Twice Hannah Arendt. On the front of the biography a drawing as an elderly lady, a famous philosopher, at the back of the book a photo taken in 1933, 27 years old. In between, an eventful life. A brave life.
The 27 year old already had something of a life behind her. She grew up in Königsberg in Preußen (the city of Immanuel Kant and now Kaliningrad in a small Russian enclave) in a well-to-do Jewish family. Her father died when she was seven and she was educated by her mother in a very free way. She went to several universities and especially to Marburg, attracted by the fame of Martin Heidegger (with whom she had a short hidden relationship). Later she went to Heidelberg to study under Karl Jaspers, where she wrote her dissertation on the concept of love in the thought of Saint Augustine. She had a lifelong friendly relationship with Karl Jaspers and his Jewish wife.
In 1933 it became clear to her that she had no future in Nazi Germany and she emigrated to Paris. There she worked to support and aid Jewish refugees. At one time she was imprisoned in Camp Gurs but was able to escape after a couple of weeks. Eventually it became clear that Paris was not safe: with the German military occupation of northern France, and the deportation of Jews to Nazi concentration camps, even by the Vichy collaborator regime in the unoccupied south, Arendt was forced to flee France. In 1940, she married the German poet and Marxist philosopher Heinrich Blücher, by then a former Communist Party member.
In 1941, she escaped with her husband and her mother to the United States with the assistance of the American diplomat Hiram Bingham1, who (illegally) issued life-saving visas to her and around 2500 other Jewish refugees.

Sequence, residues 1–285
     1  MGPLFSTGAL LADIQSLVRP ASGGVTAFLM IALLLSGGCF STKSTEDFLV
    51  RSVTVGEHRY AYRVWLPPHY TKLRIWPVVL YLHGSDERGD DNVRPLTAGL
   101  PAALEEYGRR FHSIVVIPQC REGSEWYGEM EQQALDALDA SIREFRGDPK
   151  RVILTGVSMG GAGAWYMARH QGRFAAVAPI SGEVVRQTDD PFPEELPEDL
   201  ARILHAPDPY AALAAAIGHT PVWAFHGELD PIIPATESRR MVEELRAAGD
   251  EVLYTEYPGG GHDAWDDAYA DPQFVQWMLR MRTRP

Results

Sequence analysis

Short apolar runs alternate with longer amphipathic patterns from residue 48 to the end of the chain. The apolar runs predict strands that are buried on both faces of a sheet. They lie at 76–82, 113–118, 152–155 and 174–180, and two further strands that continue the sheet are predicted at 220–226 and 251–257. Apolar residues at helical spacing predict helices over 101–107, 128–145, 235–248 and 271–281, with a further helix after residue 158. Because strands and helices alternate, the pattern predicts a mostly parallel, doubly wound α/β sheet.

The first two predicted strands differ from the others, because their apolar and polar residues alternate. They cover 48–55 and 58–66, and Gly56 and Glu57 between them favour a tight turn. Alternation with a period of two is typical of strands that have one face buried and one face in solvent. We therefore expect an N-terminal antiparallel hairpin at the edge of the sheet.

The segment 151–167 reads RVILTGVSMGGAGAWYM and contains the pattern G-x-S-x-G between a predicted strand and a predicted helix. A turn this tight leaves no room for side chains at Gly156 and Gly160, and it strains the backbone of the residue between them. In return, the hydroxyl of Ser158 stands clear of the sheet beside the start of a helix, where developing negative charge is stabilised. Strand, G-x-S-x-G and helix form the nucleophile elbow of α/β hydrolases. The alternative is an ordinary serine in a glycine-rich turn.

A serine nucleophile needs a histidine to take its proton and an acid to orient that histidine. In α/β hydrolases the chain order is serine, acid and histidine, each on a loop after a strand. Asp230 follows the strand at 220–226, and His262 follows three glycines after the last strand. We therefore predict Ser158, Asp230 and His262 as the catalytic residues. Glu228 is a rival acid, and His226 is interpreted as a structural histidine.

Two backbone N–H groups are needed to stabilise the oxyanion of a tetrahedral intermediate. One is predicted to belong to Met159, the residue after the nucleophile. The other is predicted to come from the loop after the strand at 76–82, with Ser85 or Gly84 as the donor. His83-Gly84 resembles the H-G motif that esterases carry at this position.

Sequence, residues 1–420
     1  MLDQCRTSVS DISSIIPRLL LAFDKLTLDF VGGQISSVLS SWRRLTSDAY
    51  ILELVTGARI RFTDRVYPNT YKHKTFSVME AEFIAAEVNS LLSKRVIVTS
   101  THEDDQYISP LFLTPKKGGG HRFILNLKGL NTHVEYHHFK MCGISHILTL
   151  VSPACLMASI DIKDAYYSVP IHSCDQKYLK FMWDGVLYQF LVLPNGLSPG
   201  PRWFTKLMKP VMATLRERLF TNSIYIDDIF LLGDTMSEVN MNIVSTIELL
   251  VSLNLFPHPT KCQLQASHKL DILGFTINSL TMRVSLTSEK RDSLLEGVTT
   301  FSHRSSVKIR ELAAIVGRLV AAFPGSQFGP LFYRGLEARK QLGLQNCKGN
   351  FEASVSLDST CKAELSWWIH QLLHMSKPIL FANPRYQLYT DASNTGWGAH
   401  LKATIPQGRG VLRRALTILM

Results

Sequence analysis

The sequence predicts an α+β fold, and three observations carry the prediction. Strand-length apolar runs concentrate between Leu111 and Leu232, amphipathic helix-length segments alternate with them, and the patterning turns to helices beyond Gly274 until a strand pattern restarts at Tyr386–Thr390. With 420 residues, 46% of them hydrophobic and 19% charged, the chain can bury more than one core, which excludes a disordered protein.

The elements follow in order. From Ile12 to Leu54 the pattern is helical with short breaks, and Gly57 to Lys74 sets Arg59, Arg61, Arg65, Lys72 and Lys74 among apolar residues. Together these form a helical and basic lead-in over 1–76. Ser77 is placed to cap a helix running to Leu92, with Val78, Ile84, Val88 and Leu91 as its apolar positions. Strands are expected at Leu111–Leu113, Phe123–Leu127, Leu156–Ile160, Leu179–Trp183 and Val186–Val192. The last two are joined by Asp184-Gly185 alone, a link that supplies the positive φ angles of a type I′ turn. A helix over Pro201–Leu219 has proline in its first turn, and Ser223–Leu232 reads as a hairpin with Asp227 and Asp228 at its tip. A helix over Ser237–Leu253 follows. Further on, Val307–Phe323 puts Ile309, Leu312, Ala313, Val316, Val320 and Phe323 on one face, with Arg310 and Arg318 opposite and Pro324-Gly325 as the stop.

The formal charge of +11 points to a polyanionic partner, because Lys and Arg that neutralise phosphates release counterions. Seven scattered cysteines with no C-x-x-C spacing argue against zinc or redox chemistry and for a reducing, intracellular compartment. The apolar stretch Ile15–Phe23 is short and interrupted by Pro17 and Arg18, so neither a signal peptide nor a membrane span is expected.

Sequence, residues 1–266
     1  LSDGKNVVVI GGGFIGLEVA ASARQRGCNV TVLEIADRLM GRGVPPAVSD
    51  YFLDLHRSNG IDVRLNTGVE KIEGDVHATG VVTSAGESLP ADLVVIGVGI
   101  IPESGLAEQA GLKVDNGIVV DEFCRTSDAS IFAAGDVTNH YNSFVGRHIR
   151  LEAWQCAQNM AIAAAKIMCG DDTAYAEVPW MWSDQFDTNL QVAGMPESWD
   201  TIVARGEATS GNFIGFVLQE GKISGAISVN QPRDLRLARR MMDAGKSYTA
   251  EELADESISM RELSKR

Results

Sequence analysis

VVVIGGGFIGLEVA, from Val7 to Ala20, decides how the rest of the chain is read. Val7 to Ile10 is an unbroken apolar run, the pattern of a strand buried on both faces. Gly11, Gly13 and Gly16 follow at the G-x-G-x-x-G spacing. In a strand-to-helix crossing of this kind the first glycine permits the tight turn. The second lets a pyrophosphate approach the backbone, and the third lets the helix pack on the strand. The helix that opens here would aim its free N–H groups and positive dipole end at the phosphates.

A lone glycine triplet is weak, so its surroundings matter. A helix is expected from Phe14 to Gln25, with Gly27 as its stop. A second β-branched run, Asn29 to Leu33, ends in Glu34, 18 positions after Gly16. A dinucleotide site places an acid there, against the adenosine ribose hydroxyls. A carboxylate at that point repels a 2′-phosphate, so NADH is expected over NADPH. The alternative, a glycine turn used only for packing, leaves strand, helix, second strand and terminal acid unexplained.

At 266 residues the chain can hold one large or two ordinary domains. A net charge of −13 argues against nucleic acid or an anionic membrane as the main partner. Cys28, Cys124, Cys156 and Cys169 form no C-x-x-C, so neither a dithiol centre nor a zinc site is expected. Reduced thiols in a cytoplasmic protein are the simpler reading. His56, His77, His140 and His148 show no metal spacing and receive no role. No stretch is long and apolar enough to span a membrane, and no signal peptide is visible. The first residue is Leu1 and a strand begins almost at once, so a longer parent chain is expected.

Living in New York, Arendt wrote for the German language newspaper Aufbau and directed research for the Commission on European Jewish Cultural Reconstruction. In 1944, she began work on what would become her first major political book, The Origins of Totalitarianism. In 1946, she published “What is Existenz Philosophy,” and from 1946 to 1951 she worked as an editor at Schoken Books in New York. In 1951, The Origins of Totalitarianism was published, after which she began the first in a sequence of visiting fellowships and professorial positions at American universities and she attained American citizenship.
In 1958, she published The Human Condition and Rahel Varnhagen: The Life of a Jewess. In 1959, she published “Reflections on Little Rock,” her controversial consideration of the emergent Black civil rights movement. In 1961, she published Between Past and Future, and traveled to Jerusalem to cover the trial of Nazi Adolf Eichmann for the New Yorker.
In 1963 she published her controversial reflections on the Eichmann trial, first in the New Yorker, and then in book form as Eichmann in Jerusalem: A Report on the Banality of Evil. In this year, she also published On Revolution. In 1967, having held positions at Berkeley and Chicago, she took up a position at the New School for Social Research in New York. In 1968, she published Men in Dark Times.
In 1970, her husband Heinrich Blücher died. That same year, Arendt gave her seminar on Kant’s philosophy of judgement at the New School (published posthumously as Reflections on Kant’s Political Philosophy, 1982). In 1971 she published “Thinking and Moral Considerations,” and the following year Crisis of the Republic appeared. In the next years, she worked on her projected three-volume work, The Life of the Mind. Volumes 1 and 2 (on “Thinking” and “Willing”) were published posthumously. She died on December 4, 1975, having only just started work on the third and final volume, Judging.
1. This Hiram Bingham was the son of the explorer that discovered Machu Picchu in Peru.